Mindmapping: Use your whole brain to boost creativity
For those of us who are visual thinkers, mind maps are useful tools that can help immeasurably in examining concepts, evaluating options and developing plans. For the uninitiated, mind maps are visual depictions of ideas, generally shown as a central idea with supporting thoughts or ideas represented as lines and symbols radiating from it.
Mind maps are literally whole brain thinking: they use both hemispheres of the brain and the entire range of cortical skills, including logic, rhythm, lines, color, lists, daydreaming, numbers, imagination, word and Gestalt (the whole picture). British author and psychologist Tony Buzan, who founded mindmapping back in the 60s, claims that our brains are better able to scan a whole “map,” rather than wade through a traditional outline from top to bottom. I agree.
I discovered mind maps more than 10 years ago, and still love using them on a regular basis. The ability to just put your thoughts on paper, or in an app, in a non-linear fashion, using lines, shapes and images, is so much more engrossing and freeing than a typical outline. Mind maps can be used to create marketing programs, plan special events or even schedule a week’s worth of client work. Use them for brainstorming, project management or taking notes at a meeting.
Although there are many apps that purport to be mindmapping tools, some are just collaborative whiteboards that enable individuals or teams to enter ideas on “post-its” on a central screen. Mind maps are often said to be an example of “radiant thinking,” because they always have a central idea with the subtopics or themes radiating out from it.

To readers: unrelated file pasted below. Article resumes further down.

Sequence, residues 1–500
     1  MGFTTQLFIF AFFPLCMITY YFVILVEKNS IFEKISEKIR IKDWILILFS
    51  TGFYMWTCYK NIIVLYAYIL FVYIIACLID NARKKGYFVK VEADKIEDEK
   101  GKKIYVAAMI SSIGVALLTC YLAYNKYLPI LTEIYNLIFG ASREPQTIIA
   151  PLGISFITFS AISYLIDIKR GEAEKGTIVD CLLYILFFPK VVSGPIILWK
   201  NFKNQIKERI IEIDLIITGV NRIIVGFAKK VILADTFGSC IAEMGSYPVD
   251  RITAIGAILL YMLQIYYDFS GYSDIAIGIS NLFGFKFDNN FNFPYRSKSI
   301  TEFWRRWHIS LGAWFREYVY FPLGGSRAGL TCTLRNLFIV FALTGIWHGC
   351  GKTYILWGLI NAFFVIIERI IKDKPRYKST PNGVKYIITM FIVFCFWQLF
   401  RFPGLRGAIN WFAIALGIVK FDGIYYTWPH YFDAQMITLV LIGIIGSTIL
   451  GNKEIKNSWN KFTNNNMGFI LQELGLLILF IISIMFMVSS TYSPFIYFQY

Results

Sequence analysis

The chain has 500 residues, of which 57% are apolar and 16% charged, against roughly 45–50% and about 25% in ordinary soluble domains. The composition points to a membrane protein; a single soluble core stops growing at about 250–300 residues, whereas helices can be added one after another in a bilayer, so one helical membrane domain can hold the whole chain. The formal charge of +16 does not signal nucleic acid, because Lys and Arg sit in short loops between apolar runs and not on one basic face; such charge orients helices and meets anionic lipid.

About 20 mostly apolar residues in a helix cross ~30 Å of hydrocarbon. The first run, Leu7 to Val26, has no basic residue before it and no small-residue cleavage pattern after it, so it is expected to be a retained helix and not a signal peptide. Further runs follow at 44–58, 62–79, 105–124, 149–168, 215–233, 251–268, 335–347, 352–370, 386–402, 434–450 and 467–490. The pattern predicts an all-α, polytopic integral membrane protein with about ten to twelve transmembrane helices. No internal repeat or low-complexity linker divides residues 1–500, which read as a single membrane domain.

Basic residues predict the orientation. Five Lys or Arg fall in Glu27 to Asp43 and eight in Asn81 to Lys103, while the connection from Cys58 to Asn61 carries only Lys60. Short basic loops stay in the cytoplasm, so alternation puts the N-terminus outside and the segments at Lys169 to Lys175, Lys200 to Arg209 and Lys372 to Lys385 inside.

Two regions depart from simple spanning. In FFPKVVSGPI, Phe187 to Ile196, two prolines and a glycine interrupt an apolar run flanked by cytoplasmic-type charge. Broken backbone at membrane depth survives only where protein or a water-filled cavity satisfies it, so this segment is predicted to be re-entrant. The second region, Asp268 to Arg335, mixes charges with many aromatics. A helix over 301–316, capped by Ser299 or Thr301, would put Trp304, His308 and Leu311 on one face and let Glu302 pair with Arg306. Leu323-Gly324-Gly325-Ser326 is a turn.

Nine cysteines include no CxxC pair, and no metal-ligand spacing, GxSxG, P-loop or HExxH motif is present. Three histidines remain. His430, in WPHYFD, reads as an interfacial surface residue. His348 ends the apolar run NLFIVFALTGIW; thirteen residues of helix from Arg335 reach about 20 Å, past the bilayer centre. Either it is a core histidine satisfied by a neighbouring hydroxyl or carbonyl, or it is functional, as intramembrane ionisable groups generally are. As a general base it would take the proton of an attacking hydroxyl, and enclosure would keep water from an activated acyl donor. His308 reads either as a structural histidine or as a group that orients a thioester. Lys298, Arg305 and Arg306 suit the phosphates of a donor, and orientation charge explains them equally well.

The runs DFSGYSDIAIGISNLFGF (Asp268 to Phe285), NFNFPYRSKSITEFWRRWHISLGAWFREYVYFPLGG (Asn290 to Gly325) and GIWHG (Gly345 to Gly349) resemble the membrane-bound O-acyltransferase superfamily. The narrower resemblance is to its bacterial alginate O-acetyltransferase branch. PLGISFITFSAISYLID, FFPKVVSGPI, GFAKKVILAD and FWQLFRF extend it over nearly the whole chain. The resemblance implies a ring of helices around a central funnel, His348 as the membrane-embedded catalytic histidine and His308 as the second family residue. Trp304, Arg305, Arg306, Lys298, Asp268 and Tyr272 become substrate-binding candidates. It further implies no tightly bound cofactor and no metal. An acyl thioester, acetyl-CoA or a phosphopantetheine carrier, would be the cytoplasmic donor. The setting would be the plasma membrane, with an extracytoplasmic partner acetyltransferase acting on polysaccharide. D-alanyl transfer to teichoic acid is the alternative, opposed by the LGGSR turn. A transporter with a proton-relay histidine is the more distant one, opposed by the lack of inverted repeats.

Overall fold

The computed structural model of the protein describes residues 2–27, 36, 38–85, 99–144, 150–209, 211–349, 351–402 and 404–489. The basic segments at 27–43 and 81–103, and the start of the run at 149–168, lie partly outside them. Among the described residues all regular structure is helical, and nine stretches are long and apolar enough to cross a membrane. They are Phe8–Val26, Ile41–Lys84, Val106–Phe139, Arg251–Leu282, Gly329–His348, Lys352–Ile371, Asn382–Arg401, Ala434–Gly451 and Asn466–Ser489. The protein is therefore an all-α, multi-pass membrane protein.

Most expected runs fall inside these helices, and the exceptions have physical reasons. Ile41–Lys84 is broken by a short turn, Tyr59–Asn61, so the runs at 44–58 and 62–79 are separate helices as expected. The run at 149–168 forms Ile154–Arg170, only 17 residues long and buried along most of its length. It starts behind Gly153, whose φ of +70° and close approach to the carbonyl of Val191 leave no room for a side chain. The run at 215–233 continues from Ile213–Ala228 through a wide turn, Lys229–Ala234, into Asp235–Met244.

Just a few of the mindmapping apps out there:
MindMeister: This one’s pretty easy to use. For $10 a month, you can collaborate with others, export to pdf/image/Word/PowerPoint files and incorporate custom styles. Desktop/IPad/Android/IPhone versions.
XMind: XMind has lots of bells and whistles. There’s a cloud-based version that syncs maps across all platforms, including PC, Mac, iPhone and iPad. There are versions for business charts, Gantt views and slide presentations. Export to most of the office/image types of files out there. Collaborate with your team and save your map to Evernote. It's priced at $79; $99 for the Pro version, which includes a library of icons and presentation, Gantt chart and audio note features.
Mindomo: Mindomo focuses on teachers and students, with native mobile apps for iPad and Android. It includes a presentation mode, video and audio notes and a web image search feature. It’s collaborative and integrates Office 365, Google Drive and Dropbox as well as educational learning systems, including Canvas, Blackboard, Moodle and Desire2Learn, among others. $36/6 months for the basic version, $90/6 months, which includes 6 “guest” collaborators and $162 for 6 months for the top tier, which includes 5 users.
What tools do you use for brainstorming and idea mapping?